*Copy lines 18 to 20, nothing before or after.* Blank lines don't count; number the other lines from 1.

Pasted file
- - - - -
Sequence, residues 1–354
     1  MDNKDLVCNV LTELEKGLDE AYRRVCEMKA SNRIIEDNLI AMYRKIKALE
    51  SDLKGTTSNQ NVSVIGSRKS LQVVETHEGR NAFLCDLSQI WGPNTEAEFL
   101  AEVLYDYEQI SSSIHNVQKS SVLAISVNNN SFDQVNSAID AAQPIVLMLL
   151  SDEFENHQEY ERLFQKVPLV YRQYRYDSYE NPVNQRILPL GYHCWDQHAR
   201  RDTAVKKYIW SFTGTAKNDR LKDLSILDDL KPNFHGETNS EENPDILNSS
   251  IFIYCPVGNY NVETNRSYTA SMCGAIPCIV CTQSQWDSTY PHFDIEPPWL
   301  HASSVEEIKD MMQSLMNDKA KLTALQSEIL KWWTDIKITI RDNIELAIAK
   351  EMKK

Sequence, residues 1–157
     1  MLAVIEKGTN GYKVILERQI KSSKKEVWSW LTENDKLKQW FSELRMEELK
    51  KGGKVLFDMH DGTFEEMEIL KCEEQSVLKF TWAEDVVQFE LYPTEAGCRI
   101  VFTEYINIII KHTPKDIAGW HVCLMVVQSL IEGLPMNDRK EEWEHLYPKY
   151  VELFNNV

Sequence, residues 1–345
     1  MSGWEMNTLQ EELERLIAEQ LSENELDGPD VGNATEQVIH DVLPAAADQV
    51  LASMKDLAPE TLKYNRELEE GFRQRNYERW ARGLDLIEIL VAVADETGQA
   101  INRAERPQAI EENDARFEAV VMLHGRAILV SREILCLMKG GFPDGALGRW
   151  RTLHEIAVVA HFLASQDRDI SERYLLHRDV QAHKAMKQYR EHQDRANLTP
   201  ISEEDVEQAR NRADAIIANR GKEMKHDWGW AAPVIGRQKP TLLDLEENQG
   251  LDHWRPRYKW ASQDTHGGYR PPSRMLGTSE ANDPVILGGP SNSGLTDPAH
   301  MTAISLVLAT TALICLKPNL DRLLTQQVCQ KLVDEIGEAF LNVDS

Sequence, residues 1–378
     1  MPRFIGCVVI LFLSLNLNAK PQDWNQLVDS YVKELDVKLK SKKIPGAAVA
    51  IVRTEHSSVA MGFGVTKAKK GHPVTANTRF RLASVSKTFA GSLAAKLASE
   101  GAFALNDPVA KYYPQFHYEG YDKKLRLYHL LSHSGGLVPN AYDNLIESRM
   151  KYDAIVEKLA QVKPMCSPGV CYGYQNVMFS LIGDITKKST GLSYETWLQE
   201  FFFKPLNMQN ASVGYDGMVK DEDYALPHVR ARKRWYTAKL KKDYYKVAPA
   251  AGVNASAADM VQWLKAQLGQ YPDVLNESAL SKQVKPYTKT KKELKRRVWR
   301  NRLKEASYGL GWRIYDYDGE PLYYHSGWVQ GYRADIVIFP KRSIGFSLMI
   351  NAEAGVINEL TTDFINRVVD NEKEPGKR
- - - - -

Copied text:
   101  INRAERPQAI EENDARFEAV VMLHGRAILV SREILCLMKG GFPDGALGRW
   151  RTLHEIAVVA HFLASQDRDI SERYLLHRDV QAHKAMKQYR EHQDRANLTP
   201  ISEEDVEQAR NRADAIIANR GKEMKHDWGW AAPVIGRQKP TLLDLEENQG